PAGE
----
Youth agency dismayed by decision on voting age

    The National Youth Agency has reacted with dismay to the
    Electoral Commission’s recommendation that the minimum age
    for voting should remain at 18.

    The Commission threw out the proposal despite the fact that a
    majority of responses to its consultation favoured voting at 16. It
    also rejected alternative options including voting at 16 in local
    elections only and pilot schemes for a lower minimum age.

    It recommends that the minimum age for standing as a candidate in
    an election should be reduced from 21 to 18, but says there is
    insufficient justification for a change at present in the minimum
    voting age.

    Campaigners have pointed out that 16 year olds are expected to pay
    tax, and allowed to join the armed forces and marry.

    Tom Wylie, chief executive of the National Youth Agency, said:
    “This refusal to propose reducing the voting age will draw a
    further divide between young people and the democratic process.
    Politicians will continue to be able to sideline the needs and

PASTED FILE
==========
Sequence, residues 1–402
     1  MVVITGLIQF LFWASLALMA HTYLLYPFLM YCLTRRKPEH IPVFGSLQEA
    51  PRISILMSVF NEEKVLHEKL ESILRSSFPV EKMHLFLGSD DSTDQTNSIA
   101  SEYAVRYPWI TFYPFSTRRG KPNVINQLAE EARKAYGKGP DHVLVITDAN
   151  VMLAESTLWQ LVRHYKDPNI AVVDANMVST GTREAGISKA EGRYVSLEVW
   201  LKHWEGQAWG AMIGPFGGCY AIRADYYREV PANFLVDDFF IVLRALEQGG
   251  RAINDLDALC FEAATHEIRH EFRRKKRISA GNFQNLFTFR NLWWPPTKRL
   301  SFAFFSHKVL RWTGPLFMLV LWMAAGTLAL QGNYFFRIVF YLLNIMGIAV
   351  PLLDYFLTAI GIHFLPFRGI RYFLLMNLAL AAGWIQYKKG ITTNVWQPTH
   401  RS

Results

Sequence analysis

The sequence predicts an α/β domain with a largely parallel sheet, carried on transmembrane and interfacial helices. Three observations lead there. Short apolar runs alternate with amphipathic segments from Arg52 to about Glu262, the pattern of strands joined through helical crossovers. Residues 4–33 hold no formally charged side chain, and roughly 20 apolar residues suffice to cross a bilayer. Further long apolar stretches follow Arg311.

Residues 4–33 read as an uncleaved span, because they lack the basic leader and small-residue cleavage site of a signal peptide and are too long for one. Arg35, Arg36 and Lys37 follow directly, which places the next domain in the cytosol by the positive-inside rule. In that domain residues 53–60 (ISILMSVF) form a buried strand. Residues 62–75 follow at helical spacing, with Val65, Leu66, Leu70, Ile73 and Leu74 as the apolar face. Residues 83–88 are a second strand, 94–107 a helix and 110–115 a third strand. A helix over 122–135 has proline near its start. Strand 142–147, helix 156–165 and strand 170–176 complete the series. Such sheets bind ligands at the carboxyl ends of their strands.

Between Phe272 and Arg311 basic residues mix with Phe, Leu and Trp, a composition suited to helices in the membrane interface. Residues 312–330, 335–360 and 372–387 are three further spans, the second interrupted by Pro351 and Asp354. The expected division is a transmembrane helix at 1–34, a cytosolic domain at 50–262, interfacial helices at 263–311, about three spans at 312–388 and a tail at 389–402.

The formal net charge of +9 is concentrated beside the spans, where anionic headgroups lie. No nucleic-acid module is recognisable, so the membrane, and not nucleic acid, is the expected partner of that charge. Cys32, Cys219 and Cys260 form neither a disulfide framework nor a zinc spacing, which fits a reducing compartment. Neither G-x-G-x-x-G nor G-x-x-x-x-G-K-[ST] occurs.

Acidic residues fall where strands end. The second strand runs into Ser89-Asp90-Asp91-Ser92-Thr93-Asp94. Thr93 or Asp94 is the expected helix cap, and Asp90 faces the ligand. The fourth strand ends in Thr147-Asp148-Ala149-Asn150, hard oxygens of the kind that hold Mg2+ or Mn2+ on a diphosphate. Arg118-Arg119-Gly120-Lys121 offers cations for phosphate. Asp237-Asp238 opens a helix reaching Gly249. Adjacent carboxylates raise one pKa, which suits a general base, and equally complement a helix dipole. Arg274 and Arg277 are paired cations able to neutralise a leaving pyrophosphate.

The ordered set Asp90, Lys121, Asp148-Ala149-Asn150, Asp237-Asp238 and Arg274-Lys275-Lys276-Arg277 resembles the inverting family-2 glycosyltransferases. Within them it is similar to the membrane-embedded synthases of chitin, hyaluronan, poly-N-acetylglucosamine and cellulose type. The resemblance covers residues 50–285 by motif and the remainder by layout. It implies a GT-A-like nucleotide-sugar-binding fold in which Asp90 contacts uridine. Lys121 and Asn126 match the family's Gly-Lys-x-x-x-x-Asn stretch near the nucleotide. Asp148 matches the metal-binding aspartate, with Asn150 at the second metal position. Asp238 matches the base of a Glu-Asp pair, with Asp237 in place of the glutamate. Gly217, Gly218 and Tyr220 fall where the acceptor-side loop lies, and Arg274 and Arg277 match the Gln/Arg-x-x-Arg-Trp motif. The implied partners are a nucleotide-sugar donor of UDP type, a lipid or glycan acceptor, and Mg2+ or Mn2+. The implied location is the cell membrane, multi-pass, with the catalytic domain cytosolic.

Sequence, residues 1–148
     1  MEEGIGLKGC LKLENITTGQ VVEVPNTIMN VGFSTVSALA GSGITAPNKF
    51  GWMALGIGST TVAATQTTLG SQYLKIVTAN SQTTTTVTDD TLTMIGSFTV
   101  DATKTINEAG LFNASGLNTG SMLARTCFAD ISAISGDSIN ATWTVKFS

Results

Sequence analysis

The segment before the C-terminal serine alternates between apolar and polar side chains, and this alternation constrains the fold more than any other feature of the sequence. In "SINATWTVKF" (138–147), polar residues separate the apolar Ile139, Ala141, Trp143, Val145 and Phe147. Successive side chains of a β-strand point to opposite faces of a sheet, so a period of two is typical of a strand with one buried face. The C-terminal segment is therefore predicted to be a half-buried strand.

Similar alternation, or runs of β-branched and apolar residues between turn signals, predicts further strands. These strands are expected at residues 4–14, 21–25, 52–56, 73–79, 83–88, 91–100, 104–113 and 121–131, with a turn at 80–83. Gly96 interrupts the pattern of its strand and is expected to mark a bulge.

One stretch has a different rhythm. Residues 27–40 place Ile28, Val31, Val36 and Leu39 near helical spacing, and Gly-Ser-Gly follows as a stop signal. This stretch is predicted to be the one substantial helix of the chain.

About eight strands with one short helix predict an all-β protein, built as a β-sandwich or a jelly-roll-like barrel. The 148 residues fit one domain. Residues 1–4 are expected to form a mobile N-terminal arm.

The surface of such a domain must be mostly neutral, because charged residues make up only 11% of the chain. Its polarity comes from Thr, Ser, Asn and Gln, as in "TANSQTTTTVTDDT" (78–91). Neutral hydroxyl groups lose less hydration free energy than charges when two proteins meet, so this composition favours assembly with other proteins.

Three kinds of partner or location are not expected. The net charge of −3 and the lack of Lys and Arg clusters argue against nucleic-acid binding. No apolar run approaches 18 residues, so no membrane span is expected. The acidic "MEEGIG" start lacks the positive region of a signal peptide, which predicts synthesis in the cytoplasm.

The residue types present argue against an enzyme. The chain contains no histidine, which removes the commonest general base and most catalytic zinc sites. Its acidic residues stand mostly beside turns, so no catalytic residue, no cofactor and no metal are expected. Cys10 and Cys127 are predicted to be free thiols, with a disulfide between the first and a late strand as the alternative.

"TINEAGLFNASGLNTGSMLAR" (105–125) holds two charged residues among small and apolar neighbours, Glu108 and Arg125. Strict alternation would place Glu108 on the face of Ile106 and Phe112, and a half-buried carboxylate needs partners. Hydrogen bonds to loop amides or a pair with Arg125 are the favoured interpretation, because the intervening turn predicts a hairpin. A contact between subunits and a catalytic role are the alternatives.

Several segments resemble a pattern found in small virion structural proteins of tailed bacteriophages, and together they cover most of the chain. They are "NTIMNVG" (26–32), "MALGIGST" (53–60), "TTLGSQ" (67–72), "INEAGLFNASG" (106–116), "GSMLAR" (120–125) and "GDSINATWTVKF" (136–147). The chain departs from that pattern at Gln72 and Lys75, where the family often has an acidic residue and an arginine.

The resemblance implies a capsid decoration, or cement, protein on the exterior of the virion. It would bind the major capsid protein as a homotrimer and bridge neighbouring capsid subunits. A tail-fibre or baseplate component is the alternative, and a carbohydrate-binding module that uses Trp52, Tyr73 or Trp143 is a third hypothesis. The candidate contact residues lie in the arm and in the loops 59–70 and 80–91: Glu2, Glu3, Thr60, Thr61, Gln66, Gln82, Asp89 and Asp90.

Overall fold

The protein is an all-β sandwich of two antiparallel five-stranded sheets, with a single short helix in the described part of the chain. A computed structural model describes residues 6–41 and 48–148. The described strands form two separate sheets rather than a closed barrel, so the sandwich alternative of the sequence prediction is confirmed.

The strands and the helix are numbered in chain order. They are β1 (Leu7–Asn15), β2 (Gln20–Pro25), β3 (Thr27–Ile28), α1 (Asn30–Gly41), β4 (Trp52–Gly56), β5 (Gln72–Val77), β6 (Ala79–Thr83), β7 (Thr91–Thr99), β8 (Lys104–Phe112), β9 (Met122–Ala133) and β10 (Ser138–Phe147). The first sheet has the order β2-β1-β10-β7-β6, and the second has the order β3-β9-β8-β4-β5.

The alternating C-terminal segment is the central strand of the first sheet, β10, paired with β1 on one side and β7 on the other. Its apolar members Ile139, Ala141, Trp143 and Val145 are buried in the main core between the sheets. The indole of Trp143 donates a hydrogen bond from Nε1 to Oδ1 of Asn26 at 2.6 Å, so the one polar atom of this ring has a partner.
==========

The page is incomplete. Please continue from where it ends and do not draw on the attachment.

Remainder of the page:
concerns of younger votes and to play to an adult gallery about the
    anti-social behaviour of the few.

    “The young car mechanic we trust to fit our tyres correctly
    still will not have a say on how the  taxes on his or her still too
    meagre wages are spent.”

    Twenty year old Ashley Sweetland, co-chair of the trustees of the
    UK Youth Parliament, said: “This is dreadful news and we
    believe it fails to reflect the views of the majority of this
    country’s young people. Being able to vote – actually
    putting the cross in the box – is being denied to young
    people, failing to acknowledge the rights and responsibilities that
    young people already have. What is the point of the citizenship

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